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Home Prevention Breast MRI

Breast MRI

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So I understand that breast MRI is now being used to detect breast cancer and monitor patients with established disease. Which women are recommended to get this test and does it potentially replace older modalities such as mammography and ultrasound?

The American College of Radiology (ACR) has a published a set of guidelines for the performance of contrast-enhanced magnetic resonance imaging (MRI) of the breast published in 2008. MRI of the breast is currently being used to detect and characterize breast disease, assess local extent of disease, evaluate treatment response, and guide biopsy for histologic diagnosis. Findings present on MRI should be correlated with clinical history, physical exam, results of mammography, and other prior breast imaging results. At the present time, breast MRI is not being used to screen the general population of asymptomatic, average-risk women. MRI may miss some cancers that mammography will detect, and thus should not replace mammography as the primary screening modality. Furthermore, MRI should not replace biopsy of a mammographically, cinically, or sonographically suspicious finding. False positives are to be expected with breast MRI. However, rates of biopsy with MRI are similar to that of mammography. In the event that a patient is deemed to be a candidate for breast MRI, the exam should be not be done while patients are in the secretory phase of the menstrual cycle. Increased tissue enhancement that is observed during this time can give rise to increased false positive MRI scans. Thus, the exam should be done in the second week of the menstrual cycle. Furthermore, bilateral breast imaging should be done whenever possible, as many benign conditions such fibrocystic changes are often present in both breasts.

In terms of screening, MRI of the breast is indicated when:

1. Patients have more than a 20% lifetime risk of breast cancer based upon genetic predisposition based upon gene testing or family pedigree, or with a history of mantle radiation for Hodgkin’s disease. These women should still receive standard testing by mammography.

2. Patients have confirmed disease in one breast and require screening of the contralateral breast. MRI has been proven to detect occult malignancy in the contralateral breast in at least 3-5% of breast cancer patients.

3. Patients have received breast augmentation surgery (postoperative reconstruction and free injections). Mammography may be difficult to perform in patients with silicone, saline, and free injection implants with silicone, paraffin, or polyacrylamide gel. The integrity of silicone implants can be assessed by non-contrast MRI.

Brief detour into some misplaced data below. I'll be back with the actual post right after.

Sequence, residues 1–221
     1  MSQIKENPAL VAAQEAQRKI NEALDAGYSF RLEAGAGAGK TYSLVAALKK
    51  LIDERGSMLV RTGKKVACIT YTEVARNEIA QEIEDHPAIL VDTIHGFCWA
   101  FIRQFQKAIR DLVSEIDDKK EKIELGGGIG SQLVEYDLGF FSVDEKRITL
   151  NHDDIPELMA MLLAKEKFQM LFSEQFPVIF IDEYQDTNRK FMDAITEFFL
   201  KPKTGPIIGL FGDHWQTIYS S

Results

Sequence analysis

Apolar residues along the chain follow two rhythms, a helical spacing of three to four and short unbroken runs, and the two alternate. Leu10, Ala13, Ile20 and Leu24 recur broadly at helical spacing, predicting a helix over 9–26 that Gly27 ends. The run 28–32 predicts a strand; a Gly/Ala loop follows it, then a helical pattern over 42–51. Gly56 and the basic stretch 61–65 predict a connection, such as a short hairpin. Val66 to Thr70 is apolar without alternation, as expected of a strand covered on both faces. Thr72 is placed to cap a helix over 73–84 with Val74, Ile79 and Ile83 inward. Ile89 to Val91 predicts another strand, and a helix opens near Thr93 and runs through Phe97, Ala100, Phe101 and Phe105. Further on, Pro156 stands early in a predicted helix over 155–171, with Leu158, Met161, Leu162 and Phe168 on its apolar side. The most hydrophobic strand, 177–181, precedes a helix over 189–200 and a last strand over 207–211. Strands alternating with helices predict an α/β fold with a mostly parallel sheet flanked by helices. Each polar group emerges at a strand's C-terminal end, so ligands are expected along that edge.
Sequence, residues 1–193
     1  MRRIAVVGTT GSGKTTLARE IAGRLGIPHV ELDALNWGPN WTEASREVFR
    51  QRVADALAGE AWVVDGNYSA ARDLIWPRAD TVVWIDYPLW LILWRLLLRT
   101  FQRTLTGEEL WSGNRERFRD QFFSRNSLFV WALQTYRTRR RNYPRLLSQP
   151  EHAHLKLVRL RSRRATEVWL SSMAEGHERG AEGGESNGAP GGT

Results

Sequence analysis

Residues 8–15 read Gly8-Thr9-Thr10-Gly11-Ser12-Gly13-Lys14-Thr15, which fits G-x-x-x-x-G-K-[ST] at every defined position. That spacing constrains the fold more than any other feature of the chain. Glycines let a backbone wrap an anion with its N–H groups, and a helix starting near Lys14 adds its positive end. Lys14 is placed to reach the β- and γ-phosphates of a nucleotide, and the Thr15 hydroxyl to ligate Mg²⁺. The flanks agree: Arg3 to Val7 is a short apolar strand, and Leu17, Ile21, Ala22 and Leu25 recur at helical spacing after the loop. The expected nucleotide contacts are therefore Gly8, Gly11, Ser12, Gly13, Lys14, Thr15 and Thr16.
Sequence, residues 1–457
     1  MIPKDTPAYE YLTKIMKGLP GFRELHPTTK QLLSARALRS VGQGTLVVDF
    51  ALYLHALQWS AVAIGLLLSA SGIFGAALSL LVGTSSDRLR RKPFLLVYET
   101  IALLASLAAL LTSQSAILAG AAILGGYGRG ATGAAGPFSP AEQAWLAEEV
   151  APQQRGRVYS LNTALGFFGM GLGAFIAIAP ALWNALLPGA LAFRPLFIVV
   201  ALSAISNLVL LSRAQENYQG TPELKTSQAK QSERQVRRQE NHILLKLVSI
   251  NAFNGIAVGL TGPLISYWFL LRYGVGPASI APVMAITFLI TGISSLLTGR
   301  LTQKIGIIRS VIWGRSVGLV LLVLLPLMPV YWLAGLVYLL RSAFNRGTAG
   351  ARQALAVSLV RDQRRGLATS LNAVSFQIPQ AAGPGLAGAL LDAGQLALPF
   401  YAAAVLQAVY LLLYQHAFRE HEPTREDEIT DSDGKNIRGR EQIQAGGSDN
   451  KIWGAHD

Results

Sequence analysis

MRI can also be used to determine the extent of disease in patients with:

1. Invasive carcinoma and ductal carcinoma in situ (DCIS). MRI can help detect mutifocality and multicentricity in such patients. MRI can detect occult disease up to 15-30% of the time in the breast containing the index malignancy. MRI determines the extent of disease more accurately than standard mammography and physical exam. However, it is still not known whether this increased accuracy in evaluating disease alters recurrence rates relative to surgery, radiation, or systemic therapy.

2. Invasion to the deep fascia. MRI evaluation of breast carcinoma before surgery may be useful in both mastectomy and breast conservation patients in order to define the relationship of the tumor to the fascia and its extension into pectoralis major, serratus anterior, and intercostals muscles.

3. Post-lumpectomy with positive margins. Breast MRI can evaluate residual disease in patients whose pathology specimens show close or positive margins for residual disease

4. Neo-adjuvant chemotherapy. Breast MRI may be useful before, during and after chemotherapy to evaluate treatment response and extent of residual disease prior to surgery. A pre-treatment MRI and use of MRI-compatible localization tissue markers are useful in these patients.

Additional indications for breast MRI include:

1. Detecting disease recurrence. Breast MRI is especially useful if there is suspicion for recurrence when clinical, mammographic, and sonographic findings are inconclusive.

2. Evaluating patients with metastatic disease and the primary lesion is unknown and suspected to be of breast origin. Patients with axillary lymphadenopathy and no mammographic or physical findings of breast cancer may benefit from breast MRI as it can sometimes locate the primary tumor and define the disease extent to facilitate treatment planning.

3. Lesion characterization. Other imaging examinations such as ultrasound and mammography may be inconclusive and biopsy could not be performed because of possible distortion on only one mammographic view without a sonographic correlate.

4. Evaluating patients with postoperative tissue reconstruction. Breast MRI can evaluate cancer recurrence in patients with tissue transfer flaps (rectus abdominus, latissimus dorsi, gluteal muscles).

5. Performing MRI-guided biopsy, especially for vacuum assisted biopsy and pre-operative wire localization for lesions that are occult on mammography or ultrasound.

 

Resources http://www.acr.org/secondarymainmenucategories/quality_safety/guidelines/breast/mri_breast.aspx